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Last time we looked at the link between insomnia and depression.  So how do you deal with it?

The range of how much sleep adults need varies.  Some people get by with as little as 5 hours of sleep each night, while others need 9 or 10 hours.  6-7 hours is a good standard for most people.

What kinds of things disrupt sleep?  Among the culprits:

  • Too much caffeine or nicotine.
  • Alcohol or recreational drugs.
  • Poor sleep hygiene:  a noisy environment, or one where lights are too bright.
  • Going to bed before you’re really ready to do so.
  • Staring into a computer screen until minutes before attempting sleep.
  • Falling asleep on the couch in front of the TV; it gets you out of the habit of sleeping in bed.

Sleep problems often start before we get to the bedroom.  We are all busy nowadays.  If you are working late and then going to the gym and grabbing a bite to eat right within a couple of hours of bedtime, you may be setting yourself up for sleeplessness.

It isn’t unusual to bring work home from the office, or to spend free time catching up on communication with friends by sitting in front of the computer in the evening.  A computer monitor may look like a television screen, but we use them differently.  Staring intently at a computer monitor at a distance much closer than most of us would ever watch TV can be anything but relaxing.  Our brain takes in the monitor’s brightness and gets confused about day and night.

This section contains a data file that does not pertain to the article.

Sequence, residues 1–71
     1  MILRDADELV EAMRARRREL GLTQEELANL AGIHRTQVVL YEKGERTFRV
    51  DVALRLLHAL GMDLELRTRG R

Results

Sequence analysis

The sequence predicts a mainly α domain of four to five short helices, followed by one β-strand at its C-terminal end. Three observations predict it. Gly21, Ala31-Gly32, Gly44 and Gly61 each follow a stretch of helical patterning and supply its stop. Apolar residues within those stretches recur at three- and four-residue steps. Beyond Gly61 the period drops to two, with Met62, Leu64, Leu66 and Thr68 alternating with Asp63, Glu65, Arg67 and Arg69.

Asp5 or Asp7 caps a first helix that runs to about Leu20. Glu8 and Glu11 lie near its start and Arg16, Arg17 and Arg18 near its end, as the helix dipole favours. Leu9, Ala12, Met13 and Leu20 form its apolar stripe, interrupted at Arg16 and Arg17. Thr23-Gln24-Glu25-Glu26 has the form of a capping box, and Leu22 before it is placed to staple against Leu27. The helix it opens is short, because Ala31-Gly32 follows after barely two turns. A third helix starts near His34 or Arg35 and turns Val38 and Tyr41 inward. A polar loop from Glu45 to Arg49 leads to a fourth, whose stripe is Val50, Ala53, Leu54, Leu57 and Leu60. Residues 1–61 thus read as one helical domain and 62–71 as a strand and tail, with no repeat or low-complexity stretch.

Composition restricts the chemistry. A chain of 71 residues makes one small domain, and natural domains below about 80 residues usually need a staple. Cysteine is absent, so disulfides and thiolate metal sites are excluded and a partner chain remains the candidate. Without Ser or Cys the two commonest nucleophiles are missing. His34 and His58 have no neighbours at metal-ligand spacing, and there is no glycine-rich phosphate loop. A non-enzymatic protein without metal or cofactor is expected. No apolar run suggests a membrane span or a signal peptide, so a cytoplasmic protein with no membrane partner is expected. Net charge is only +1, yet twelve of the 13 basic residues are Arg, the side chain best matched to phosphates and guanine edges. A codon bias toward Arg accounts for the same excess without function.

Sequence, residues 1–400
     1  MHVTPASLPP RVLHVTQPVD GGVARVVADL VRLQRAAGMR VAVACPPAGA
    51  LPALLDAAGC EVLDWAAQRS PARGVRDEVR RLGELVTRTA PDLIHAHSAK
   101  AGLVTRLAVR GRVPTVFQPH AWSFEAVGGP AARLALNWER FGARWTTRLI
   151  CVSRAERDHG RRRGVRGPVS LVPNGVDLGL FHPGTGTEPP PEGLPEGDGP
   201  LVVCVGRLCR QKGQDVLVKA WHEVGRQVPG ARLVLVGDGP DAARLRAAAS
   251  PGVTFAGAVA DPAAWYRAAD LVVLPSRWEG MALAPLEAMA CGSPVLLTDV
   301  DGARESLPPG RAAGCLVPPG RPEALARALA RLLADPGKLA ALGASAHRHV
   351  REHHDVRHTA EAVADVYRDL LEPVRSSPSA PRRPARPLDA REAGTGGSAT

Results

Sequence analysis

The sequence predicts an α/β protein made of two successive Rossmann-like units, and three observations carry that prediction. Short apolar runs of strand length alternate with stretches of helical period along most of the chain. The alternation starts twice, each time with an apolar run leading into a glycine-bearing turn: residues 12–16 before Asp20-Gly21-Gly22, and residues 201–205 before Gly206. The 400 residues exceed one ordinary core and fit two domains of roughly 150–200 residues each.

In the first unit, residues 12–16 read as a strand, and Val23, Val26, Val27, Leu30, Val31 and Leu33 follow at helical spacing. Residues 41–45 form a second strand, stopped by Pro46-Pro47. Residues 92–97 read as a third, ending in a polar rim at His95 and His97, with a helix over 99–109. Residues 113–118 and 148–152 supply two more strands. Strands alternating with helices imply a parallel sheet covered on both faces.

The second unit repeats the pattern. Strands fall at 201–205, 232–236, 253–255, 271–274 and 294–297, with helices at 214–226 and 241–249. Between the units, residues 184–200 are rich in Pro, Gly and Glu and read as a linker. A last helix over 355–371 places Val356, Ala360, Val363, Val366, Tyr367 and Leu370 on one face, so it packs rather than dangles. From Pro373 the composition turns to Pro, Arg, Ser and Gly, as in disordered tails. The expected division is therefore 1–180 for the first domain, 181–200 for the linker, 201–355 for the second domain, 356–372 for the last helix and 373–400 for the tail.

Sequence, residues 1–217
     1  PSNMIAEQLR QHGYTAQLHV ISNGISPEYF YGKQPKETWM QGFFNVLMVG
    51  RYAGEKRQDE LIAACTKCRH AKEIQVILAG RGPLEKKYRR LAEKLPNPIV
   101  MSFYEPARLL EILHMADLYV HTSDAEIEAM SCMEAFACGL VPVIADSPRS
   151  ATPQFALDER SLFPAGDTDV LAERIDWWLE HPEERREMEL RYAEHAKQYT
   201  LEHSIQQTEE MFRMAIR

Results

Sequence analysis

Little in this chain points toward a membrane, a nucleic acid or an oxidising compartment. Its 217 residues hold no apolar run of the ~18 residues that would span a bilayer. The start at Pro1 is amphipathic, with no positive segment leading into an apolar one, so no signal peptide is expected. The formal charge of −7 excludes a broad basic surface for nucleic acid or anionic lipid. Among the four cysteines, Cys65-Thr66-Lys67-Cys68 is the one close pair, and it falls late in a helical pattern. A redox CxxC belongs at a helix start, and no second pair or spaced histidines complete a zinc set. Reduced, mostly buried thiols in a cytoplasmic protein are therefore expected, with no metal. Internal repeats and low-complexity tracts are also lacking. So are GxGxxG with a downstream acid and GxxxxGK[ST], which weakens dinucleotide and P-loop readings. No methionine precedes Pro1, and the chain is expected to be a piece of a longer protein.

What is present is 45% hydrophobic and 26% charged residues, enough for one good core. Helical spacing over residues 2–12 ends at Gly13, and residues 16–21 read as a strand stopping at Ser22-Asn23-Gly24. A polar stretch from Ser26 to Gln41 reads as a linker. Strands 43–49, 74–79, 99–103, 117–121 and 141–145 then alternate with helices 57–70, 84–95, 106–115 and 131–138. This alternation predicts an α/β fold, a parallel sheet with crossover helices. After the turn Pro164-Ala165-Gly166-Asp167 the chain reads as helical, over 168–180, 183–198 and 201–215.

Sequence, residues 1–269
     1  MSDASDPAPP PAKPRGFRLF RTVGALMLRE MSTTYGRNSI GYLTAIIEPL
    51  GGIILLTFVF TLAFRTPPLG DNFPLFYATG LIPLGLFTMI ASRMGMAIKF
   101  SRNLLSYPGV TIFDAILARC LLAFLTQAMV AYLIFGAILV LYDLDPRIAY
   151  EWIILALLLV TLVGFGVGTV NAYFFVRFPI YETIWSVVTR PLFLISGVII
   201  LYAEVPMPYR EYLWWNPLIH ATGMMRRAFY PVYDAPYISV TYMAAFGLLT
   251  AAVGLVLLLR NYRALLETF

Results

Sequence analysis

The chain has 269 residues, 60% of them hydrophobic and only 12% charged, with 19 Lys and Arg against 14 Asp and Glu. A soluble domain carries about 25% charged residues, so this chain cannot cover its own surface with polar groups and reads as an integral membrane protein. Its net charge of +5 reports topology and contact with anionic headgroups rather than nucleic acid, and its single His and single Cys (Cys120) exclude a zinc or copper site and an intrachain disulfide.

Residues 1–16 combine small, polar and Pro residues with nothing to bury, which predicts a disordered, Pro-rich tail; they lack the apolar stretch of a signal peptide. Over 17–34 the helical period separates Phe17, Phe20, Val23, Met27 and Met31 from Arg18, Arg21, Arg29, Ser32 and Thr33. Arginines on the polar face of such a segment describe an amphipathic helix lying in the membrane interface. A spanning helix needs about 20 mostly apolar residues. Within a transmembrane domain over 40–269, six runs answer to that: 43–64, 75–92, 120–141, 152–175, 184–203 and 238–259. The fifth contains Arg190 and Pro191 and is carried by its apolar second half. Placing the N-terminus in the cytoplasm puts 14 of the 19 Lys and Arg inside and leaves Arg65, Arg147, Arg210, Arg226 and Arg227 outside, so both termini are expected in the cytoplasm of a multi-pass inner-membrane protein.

At other times, the bedroom itself is the problem.  Sleeping with pets can be cozy, but a cat that sleeps near your face or a retriever that hogs the bed makes for a less than sleepful night.  Ideally, your bedroom should be orderly enough that it’s comfortable, with enough ventilation and be at a proper temperature.  Too much noise or intrusive light is likely to be a problem; consider eliminating clocks or electronics with LEDs if they are too bright.  You might want to add a sound machine or fan to create restful background noise.  And you have a good mattress, right?

What can help?

  • Eliminate caffeine, or at least don’t consume any after noon.
  • Get exercise, but not right before bed.
  • Avoid naps.
  • Meditation and relaxation exercises can help.
  • Regularize your sleep patterns.  Aim for hitting the sack and waking up at roughly the same time each night to establish healthy habits.
  • Don’t eat or drink right too close to bedtime.
  • Reading a book or watching television before bed is relaxing for many people.  Try choosing something restful.

Because insomnia can both cause and result from depression, taking a look at the role of stress and mood in your life is always a good idea.  A therapist can help unravel the stress knot and get your life moving in a better direction.  You don’t want sleep problems and mood problems to feed off each other in a way that makes each difficulty worse.

If you continue to have problems, talk with your physician about whether you need medication.  Sleep medication isn’t a panacea, but there are good options for getting help.  If you choose to take medication for sleep, be certain you understand how to use it properly.  Some people find that herbs like valerian root are a good alternative.

If none of these things help, consider a sleep study.  Getting treatment for a sleep disorder can be truly life changing.